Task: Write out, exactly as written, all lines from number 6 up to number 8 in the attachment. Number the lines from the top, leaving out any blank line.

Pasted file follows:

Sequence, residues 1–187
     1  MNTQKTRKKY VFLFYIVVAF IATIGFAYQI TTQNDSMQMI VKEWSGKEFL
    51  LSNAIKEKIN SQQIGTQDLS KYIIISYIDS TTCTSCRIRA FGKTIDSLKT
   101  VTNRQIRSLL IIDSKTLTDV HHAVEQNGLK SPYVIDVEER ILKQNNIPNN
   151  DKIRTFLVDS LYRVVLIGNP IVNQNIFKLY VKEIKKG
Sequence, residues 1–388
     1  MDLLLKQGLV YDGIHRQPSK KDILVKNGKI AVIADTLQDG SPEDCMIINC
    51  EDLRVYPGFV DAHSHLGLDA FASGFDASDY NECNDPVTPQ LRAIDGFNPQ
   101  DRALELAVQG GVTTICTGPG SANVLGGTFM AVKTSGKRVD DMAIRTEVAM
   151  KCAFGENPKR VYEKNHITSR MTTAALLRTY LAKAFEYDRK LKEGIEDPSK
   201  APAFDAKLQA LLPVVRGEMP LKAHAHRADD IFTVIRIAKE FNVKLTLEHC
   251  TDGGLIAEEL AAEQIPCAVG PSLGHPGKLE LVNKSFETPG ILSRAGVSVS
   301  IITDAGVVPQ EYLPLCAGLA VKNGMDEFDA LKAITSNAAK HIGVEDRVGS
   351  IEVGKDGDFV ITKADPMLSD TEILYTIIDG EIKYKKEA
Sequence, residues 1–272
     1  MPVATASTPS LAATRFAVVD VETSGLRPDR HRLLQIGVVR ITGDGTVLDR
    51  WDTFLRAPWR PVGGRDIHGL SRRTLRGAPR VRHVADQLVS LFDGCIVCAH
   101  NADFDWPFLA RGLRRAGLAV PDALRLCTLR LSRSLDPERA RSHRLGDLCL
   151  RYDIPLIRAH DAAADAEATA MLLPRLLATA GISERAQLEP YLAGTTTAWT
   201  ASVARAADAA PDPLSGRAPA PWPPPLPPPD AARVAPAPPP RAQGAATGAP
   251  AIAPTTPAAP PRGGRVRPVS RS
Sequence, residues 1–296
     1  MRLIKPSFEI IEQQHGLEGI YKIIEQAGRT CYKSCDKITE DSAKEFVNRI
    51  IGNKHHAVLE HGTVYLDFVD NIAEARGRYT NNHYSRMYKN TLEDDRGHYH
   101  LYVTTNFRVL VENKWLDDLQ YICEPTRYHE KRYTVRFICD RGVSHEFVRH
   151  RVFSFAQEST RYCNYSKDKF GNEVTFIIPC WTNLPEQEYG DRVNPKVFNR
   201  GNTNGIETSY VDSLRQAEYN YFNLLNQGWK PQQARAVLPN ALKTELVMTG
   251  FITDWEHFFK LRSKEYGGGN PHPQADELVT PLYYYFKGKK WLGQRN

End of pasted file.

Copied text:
Sequence, residues 1–388
     1  MDLLLKQGLV YDGIHRQPSK KDILVKNGKI AVIADTLQDG SPEDCMIINC
    51  EDLRVYPGFV DAHSHLGLDA FASGFDASDY NECNDPVTPQ LRAIDGFNPQ